Also, the Oxford History of the United States is currently the best series going in terms of solid, well-written syntheses of historical scholarship aimed at the general reader as well as the professional historian. I’ve read most of the volumes in this series and have been steadfastly impressed by them. Anyone who wants a good scholarly overview of the history of the United States would be strongly advised to explore this series, particularly James McPherson’s Battle Cry of Freedom, on the Civil War era, and David Kennedy’s Freedom From Fear, on the Depression and WWII.
There are two relevant volumes in this series for the Founding period, only one of which I’ve read. I was impressed enough with Robert Middlekauf’s The Glorious Cause: The American Revolution, 1763-1789 to use it as a textbook in my advanced undergraduate course on the colonial period. The most recent Oxford volume is Gordon Wood’s Empire of Liberty, A History of the Early Republic, 1789-1815. This is high on my to-read list. It has gotten rave reviews from basically everyone of any note who studies this period, and if it is as good as everything else Wood has written I will understand why – Gordon Wood is one of the key historians working on this era and I have yet to find anything he’s written that wasn’t worth the time.
If you are looking for more specific works, then it gets trickier as most of them were written with people like me in mind – professional historians looking for densely argued monographs in very specific issues. Not all, but most.
The arguments over the proper place of classical republicanism versus Lockean liberalism are examples of this. Whether the Revolution, Constitution and early republic were more influenced by the one or the other consumed historians in my field for the better part of thirty years – in part because while liberalism is fairly easy to define neither the historians nor the people they studied ever really came up with a stable, consistent definition of republicanism that everyone could accept – with the final synthesis being a sort of exasperated “yes.” The view I put forth on this blog is my own take, both in terms of definitions and which one was most influential when, based on the primary and secondary sources I’ve read, but here are a few works to consider for those interested:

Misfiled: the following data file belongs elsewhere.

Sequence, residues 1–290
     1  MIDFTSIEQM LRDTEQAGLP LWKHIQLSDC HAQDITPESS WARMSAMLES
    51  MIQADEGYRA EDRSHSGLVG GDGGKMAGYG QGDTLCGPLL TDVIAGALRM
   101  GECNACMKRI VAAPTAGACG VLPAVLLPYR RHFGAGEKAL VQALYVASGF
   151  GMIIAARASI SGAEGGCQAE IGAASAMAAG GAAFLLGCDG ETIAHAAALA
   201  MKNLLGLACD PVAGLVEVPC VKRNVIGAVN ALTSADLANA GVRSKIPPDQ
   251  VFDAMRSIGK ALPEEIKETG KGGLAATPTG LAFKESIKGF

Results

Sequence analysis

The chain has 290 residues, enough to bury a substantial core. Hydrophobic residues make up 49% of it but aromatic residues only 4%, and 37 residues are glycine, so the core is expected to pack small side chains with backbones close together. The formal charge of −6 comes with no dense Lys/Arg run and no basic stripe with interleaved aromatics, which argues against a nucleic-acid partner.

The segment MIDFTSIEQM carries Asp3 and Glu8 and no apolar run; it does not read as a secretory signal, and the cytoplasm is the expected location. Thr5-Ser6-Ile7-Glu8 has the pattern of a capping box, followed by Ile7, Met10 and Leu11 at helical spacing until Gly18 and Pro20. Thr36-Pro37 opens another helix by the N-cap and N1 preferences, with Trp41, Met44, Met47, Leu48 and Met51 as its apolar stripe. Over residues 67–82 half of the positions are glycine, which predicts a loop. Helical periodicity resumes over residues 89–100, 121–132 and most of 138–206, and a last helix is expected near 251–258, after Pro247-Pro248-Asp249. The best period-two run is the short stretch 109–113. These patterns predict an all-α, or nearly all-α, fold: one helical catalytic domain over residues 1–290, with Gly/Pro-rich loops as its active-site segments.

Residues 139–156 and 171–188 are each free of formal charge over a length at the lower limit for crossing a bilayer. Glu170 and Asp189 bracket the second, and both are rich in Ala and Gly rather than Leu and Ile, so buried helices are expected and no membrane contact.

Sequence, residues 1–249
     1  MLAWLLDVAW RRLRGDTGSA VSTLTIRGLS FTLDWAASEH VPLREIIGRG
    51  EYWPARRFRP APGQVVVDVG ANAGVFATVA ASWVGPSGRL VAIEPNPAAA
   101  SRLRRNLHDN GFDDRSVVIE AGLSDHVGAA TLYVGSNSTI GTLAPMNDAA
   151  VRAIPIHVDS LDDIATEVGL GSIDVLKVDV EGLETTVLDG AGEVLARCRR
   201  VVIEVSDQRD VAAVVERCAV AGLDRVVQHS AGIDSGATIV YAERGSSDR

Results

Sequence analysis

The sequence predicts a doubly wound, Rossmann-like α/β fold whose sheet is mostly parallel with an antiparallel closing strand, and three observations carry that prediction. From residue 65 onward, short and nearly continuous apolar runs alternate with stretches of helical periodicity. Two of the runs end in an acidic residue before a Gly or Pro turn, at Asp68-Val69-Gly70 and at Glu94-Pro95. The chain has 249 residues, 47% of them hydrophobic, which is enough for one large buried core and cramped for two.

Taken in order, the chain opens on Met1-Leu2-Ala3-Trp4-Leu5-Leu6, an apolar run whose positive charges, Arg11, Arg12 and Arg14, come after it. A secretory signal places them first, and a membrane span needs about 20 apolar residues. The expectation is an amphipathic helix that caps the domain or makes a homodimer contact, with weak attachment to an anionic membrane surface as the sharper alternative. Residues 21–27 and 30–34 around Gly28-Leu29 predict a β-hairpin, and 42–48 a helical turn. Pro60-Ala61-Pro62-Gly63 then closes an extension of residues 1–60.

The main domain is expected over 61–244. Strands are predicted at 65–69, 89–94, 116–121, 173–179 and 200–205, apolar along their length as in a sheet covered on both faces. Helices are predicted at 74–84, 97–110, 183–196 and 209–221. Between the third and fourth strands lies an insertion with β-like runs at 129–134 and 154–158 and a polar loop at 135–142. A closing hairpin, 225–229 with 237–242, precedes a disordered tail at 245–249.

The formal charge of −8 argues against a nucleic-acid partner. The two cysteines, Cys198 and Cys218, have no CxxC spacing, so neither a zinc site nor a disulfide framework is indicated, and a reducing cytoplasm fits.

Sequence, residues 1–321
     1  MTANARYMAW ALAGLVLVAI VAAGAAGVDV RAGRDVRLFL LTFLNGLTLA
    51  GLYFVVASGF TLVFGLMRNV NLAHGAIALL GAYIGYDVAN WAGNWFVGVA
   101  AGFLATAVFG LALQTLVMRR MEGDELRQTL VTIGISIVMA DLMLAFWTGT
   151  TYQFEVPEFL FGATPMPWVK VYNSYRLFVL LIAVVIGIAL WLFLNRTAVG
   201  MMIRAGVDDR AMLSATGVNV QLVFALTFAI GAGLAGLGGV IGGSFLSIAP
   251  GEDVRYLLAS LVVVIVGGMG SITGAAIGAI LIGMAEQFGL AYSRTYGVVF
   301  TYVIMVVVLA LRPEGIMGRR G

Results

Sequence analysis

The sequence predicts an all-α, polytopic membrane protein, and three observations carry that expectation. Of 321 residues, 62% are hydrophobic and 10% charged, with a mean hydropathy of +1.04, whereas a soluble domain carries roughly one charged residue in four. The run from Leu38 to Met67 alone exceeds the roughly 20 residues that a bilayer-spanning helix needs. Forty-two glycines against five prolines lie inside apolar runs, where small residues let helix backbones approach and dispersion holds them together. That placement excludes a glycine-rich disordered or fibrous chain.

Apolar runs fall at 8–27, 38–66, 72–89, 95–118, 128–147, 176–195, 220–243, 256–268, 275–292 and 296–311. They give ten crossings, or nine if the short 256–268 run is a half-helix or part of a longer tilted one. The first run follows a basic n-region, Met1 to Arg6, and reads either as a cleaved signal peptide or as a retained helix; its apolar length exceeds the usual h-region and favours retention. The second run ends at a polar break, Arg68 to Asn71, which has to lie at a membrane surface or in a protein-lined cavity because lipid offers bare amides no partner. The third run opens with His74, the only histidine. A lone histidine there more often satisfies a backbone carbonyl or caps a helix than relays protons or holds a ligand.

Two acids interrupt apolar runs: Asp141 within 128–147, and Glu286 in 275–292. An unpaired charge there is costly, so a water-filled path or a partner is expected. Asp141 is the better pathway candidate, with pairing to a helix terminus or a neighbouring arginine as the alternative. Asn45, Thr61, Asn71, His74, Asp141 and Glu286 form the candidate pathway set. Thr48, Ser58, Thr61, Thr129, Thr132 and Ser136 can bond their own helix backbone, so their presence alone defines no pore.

On the classical republican side, Bernard Bailyn’s The Ideological Origins of the American Revolution is the granddaddy of them all, more or less. Lance Banning’s The Jeffersonian Persuasion followed that up, as did Gordon Wood’s magisterial work, The Creation of the American Republic, 1776-1787. Wood’s book is breathtaking but not easy reading. All of these are at least thirty years old.
On the liberal side, Joyce Appleby’s Capitalism and a New Social Order, on the politics of the 1790s, was always a favorite of mine, plus it’s short.
One of the best works synthesizing the two sides – again, an older work, and somewhat hard to find now – is Isaac Kramnick’s Republicanism and Bourgeois Radicalism: Political Ideology in Late Eighteenth-Century England and America. Kramnick does a nice job of showing how it wasn’t an either/or proposition.
Gordon Wood’s later book, The Radicalism of the American Revolution, also sits in that complex middle and is worth reading, as is Drew McCoy’s The Elusive Republic: Political Economy in Jeffersonian America.
Sean Wilentz’ The Rise of American Democracy: Jefferson to Lincoln, carries the story into the 19th century, as does Drew McCoy’s bittersweet The Last of the Fathers: James Madison and the Republican Legacy – a hymn to the problems of outliving one’s time.
One of the issues that I have always found fascinating is the role of religion in the Founding Era. For general readers, Jon Meacham’s American Gospel is a good place to start. Isaac Kramnick’s The Godless Constitution and Brooke Allen’s Moral Minority serve as useful correctives to the misguided but mysteriously popular notion that the United States is a “Christian nation.”
Don’t even get me started on that.
There are any number of other monographs that come to mind, but instead I’ll end on a fun one – if you’re interested in the day-to-day experiences of what it was like to be a soldier in the American Revolution, you will do no better than Michael Stephenson’s Patriot Battles, which manages to get across a lot of that in a fairly breezy and accessible style.
Luckily for you, there’s no exam at the end of all this.